Giving patients with schizophrenia information about their illness is recommended in good practice statements (CRAG-SCOTMEG Working Group on Mental Illness, 1995) and clinical guidelines (American Psychiatric Association, 1997; Scottish Intercollegiate Guidelines Network, 1998). Informed patients may enjoy many potential benefits: better engagement with services (Foulks et al, 1986; Bebbington, 1995); improved knowledge (Smith et al, 1992); higher quality of life (Atkinson et al, 1996); and reduced negative symptoms (Goldman & Quinn, 1988). Uninformed patients may discover their diagnosis in a distressing way, such as on a form, at court or when accessing their records (Atkinson, 1984). They may not access voluntary sector services or may give incorrect information in benefit claims or housing applications. They may not know their responsibility to notify the Driver and Vehicle Licensing Agency about their fitness to drive (DVLA, 1995).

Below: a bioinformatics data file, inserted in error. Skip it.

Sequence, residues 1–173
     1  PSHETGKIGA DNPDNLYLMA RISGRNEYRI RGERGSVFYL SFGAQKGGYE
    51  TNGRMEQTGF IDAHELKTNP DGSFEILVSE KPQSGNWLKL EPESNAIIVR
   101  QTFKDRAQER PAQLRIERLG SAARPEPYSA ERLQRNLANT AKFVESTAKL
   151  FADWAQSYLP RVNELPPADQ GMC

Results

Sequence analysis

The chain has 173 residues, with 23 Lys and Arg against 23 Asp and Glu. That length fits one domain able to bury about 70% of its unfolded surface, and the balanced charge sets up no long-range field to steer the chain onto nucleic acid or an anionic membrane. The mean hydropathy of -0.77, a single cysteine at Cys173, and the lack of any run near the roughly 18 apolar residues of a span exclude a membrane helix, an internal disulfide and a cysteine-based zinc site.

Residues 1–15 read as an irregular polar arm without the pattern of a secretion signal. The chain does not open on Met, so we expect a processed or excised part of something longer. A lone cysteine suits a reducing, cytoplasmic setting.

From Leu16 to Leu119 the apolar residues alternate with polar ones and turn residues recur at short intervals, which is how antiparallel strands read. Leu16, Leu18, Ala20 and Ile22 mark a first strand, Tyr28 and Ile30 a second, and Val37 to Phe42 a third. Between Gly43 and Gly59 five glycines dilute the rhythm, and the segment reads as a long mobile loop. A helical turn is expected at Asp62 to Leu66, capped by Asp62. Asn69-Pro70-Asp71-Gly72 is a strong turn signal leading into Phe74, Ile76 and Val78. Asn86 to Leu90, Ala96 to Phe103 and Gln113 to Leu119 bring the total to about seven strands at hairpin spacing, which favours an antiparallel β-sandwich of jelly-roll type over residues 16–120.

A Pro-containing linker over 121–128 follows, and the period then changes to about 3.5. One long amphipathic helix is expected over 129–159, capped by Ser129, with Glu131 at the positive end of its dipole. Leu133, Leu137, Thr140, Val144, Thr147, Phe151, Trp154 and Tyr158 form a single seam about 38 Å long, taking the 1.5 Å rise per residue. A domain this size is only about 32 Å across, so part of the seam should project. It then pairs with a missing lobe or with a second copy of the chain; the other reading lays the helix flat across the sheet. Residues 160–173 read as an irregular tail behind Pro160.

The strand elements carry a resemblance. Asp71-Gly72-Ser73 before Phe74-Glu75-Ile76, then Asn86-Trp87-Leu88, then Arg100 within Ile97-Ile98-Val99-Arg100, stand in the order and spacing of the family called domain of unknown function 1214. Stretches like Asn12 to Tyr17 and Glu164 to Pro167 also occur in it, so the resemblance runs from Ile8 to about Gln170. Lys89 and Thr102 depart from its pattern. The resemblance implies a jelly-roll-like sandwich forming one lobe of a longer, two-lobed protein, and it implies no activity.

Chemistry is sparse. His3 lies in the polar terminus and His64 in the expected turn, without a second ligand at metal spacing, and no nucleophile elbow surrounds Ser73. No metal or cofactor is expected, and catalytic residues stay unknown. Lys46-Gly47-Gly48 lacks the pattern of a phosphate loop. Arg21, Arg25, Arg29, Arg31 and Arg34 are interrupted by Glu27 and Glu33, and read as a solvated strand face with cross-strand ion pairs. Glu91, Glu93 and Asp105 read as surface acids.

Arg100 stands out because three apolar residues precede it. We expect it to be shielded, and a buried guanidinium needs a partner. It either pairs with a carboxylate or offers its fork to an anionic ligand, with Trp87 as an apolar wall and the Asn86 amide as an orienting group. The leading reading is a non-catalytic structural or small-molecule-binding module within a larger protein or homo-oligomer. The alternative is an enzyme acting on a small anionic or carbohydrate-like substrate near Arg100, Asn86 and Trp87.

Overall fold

There can be risks and difficulties in informing patients they have schizophrenia. The risk of suicide, thought to be highest early in the illness and associated with insight (King, 1994; Amador et al, 1996), must be assessed in each patient. Some psychiatrists do not use the diagnosis of schizophrenia even after the introduction of operationally defined criteria (World Health Organization, 1992; American Psychiatric Association, 1994), preferring their own idiosyncratic diagnostic system (Saugstad & Odegard, 1983). There is some debate about the validity of making a diagnosis of schizophrenia (Clafferty et al, 2000; Fisher, 2000; King, 2000), which is outside the remit of our study — we asked psychiatrists only about established illness where the diagnosis was not in doubt. Psychiatrists have been accused of using stigmatising labels (Lally, 1989), but stigma arises from the symptoms and signs of the illness itself, not merely its name (Penn et al, 1994).
Society's prejudice towards people with schizophrenia may improve with current education campaigns, but a change in psychiatric practice may also be necessary. When psychiatrists are willing to break free from the conspiracy of silence surrounding schizophrenia, the public may follow their example.
- © 2001 Royal College of Psychiatrists